Christian Hierarchies: Yes or No?

Christian Hierarchies: Yes or No? September 18, 2019

Andrew Bartlett, in his new book Men and Women in Christ (MWiC), asks if Paul affirms or denies hierarchies in Christian marriage?

Good question. He explores these questions with finesse and nuance and even-handedness.

Being willing to take the lowest place for the good of others is at the heart of Christian love and living. Jesus taught this and also lived it, both in his ministry and supremely at the cross (Mark 10:42-45;John 13:1-17; 15:12-17; Phil. 2:5-
-8). Because Paul’s view of the world is Christ-centred, this theme is often picked up in his teaching:

‘loving,… preferring one another in honour’ (Rom. 12:10)…

This has significant implications.

The fellowship of God’s church is therefore built not on hierarchies but on humble love.

However, this does not mean that Paul is opposed to all hierarchy. He endorses the existence and exercise of authority where appropriate. For example, believers should submit to civil government, because it is God’s provision for the active restraint of evil (Rom. 13:1-7). And he endorses the appropriate exercise of authority by parents over children. We know this because one of the qualifications for eldership is that elders should have their children under proper control (i Tim. 3:4-5 – ‘having children in subjection’). Paul is innocent of today’s Western cultural distaste for hierarchies.

Grudem says that Paul’s use of hupotasso implies a hierarchy of husband over wife. He claims that hupotasso is always used of submission to an authority. … Grudem’s reasoning skips over an essential interpretive decision which has to be made when we read the texts concerning wives’ submission. Does Paul mean that wives should submit because their husbands are in authority over them? Or does Paul mean that wives should behave as if their husbands ranked above them, even though in Christ husbands and wives are not in a hierarchy but are on an equal footing as brothers and sisters? On the first view submission is appropriate because the wife should recognize the husband’s authoritative position. On the second view submission is appropriate simply as an expression of Christian humility. On either view the idea of ranking is central to Paul’s meaning. The question is whether it is an objective ranking, reflecting the existence of an actual hierarchy, or whether it is a subjective ranking, reflecting a deliberate choice to behave with humility towards another person. This makes a real difference to Paul’s readers, since the first view affirms a husband’s unilateral authority and the second does not.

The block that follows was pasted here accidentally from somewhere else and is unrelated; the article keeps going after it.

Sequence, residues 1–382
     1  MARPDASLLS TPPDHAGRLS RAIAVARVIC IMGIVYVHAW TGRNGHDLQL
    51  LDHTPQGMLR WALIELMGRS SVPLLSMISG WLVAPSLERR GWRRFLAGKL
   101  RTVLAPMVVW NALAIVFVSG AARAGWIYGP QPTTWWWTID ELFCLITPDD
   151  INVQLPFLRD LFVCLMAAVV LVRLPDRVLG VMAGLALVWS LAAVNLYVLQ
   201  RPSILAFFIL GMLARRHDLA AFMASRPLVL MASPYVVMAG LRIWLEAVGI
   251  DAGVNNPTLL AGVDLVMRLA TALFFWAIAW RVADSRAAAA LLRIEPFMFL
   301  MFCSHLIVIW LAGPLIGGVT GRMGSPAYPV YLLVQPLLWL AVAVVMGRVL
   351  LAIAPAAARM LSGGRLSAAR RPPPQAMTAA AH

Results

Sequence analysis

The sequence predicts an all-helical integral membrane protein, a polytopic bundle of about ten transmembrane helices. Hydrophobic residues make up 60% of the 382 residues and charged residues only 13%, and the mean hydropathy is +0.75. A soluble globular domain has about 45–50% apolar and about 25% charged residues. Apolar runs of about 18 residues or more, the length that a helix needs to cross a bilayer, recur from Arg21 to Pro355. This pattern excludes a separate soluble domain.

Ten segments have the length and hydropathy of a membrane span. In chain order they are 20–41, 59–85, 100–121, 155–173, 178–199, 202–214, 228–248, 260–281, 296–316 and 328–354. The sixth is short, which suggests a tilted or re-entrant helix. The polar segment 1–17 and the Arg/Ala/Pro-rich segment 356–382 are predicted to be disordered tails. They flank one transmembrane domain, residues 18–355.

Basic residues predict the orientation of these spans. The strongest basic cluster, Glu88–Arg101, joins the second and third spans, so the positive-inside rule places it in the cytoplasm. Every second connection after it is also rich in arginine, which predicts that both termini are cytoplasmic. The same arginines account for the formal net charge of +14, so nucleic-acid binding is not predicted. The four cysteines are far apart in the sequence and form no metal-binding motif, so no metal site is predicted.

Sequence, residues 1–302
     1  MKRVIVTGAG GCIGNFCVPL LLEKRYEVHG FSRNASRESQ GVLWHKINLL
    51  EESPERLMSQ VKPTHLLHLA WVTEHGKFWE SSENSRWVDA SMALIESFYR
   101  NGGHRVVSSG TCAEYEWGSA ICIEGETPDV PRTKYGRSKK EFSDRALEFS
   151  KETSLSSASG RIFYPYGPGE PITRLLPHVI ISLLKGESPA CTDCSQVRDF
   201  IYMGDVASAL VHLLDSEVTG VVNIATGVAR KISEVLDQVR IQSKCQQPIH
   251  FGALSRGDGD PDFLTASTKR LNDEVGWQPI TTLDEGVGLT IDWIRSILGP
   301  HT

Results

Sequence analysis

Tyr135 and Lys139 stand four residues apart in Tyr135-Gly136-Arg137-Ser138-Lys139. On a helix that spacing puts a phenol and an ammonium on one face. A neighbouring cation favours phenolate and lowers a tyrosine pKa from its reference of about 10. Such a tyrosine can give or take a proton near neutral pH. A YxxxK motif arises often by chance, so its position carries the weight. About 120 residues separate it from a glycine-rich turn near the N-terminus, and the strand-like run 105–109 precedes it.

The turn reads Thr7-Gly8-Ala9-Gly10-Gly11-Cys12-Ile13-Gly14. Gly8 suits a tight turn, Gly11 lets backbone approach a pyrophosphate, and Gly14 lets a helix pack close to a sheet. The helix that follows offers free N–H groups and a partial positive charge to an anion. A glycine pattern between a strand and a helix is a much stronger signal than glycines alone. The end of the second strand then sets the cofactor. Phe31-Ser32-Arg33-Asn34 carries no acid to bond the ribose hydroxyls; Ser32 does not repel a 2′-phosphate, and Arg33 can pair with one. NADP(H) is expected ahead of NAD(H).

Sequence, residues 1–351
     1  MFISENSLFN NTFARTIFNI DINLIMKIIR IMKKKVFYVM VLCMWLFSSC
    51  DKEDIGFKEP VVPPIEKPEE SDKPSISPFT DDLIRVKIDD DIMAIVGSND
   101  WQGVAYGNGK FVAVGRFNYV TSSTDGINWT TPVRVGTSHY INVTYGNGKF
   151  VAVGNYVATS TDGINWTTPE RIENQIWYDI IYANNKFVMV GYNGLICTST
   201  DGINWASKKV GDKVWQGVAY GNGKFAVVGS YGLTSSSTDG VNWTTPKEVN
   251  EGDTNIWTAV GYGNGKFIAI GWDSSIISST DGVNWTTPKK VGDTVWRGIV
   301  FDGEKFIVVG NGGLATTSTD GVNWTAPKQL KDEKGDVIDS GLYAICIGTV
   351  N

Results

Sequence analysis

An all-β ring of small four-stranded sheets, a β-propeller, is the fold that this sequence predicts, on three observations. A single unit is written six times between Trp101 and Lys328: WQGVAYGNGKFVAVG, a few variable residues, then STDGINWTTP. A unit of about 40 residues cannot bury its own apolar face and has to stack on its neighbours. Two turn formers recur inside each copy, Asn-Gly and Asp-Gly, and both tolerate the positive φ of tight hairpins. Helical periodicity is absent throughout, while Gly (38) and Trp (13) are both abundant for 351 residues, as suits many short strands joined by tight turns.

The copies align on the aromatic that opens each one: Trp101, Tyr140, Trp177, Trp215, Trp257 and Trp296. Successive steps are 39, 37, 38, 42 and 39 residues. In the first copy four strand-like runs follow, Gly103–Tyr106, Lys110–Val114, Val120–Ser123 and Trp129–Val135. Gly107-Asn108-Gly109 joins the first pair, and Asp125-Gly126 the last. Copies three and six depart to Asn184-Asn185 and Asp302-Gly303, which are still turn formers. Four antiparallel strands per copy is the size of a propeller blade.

Conclusions:

  • Paul is not opposed to hierarchies where they are appropriate.
  • The word ‘submit’ (hupotasso) carries the idea of being ranked below someone else. But Paul’s instruction to wives to submit does not of itself imply the existence of a hierarchy in marriage. We have to decide whether he means that wives should submit because their husbands are in authority over them or whether he means that wives should behave as if their husbands ranked above them.
  • Submission in Christian relationships does not mean giving unquestioning obedience to another person. There is no Christian duty to follow another person into wrongdoing.
  • There was not a uniform view of marriage in first-century culture, but typically the husband had unilateral authority over the wife.
  • Paul’s instructions to wives to submit, and to husbands to love, are partly driven by practical considerations.
  • Paul endorses the authority of parents over children but not of slave owners over slaves. Comparing the three household relationships (wife to husband, child to father, slave to master) does not establish that Paul approves of husbands having unilateral authority over their wives.
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